Not only is there a season and a time to every purpose under the heavens, as sung by the Byrds, we are also on a cusp of a change similar to what we sang in "The Time They are A-Changing". I am thankful we have a resilient, flexible community over all that is willing to listen, to challenge, to change, to adapt.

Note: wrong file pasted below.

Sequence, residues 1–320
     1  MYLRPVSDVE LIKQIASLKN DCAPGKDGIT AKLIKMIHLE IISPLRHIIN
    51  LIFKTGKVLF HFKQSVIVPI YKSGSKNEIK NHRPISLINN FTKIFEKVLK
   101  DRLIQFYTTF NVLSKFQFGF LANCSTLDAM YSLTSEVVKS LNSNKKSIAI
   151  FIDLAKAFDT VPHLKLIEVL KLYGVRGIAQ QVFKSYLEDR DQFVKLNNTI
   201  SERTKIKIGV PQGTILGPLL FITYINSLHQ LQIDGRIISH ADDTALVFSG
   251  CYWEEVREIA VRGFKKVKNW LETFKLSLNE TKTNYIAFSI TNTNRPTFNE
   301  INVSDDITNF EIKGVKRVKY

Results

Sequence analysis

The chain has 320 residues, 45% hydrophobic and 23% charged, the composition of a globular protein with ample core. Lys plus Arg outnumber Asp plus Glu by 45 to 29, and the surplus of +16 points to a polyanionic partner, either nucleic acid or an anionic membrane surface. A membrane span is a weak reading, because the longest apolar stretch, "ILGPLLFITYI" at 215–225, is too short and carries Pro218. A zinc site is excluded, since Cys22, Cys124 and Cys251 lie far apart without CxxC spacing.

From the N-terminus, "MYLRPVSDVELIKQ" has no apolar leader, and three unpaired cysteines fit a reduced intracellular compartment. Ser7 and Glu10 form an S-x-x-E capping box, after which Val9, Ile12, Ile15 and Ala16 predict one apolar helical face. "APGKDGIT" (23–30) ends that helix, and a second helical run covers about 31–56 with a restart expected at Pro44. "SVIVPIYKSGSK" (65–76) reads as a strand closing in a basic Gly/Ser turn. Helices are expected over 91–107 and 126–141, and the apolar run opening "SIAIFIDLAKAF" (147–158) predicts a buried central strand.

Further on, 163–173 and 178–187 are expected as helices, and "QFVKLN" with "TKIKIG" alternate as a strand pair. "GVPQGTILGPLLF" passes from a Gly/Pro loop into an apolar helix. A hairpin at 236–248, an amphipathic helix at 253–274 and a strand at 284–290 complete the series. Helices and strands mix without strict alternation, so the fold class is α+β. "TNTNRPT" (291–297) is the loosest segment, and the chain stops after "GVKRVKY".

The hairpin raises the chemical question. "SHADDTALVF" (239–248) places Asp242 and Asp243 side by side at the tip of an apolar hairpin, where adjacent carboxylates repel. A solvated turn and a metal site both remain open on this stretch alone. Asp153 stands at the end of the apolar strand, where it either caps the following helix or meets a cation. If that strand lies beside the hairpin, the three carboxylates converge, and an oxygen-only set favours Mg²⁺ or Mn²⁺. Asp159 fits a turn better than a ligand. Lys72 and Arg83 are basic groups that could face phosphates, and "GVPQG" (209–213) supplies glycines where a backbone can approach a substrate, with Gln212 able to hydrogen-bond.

After additional deliberation based on lack of personnel, the district is limited public access to the drop point to only Monday, Tuesday, and Thursday from 8 am to 5 pm and on Saturday from 8 am to 12:30 pm. The drop point will be closed to public drop off on Wednesday, Friday, Sunday, Holidays, and Saturday afternoon. In addition, the district will no longer accept pigmented plastic #2, plastic #3-7, mixed paper (catalogs, junk mail, magazines, file folders, etc.) or newspaper (from residents). We are not the only program in the nation that is having to reduce the materials accepted as there is a growing lack of available market for these commodities. In addition, these materials have a high contamination rate. I have been saddened by the lack of consideration of a few people who are refusing to pull their styrofoam and plastic packing materials from their cardboard. The value of the cardboard is $130 per ton, transportation costs alone are about $80 to $85 per ton. Two of the loads sent by the district were rejected because of too much plastic. This means the district did not even receive money to pay for the transportation costs.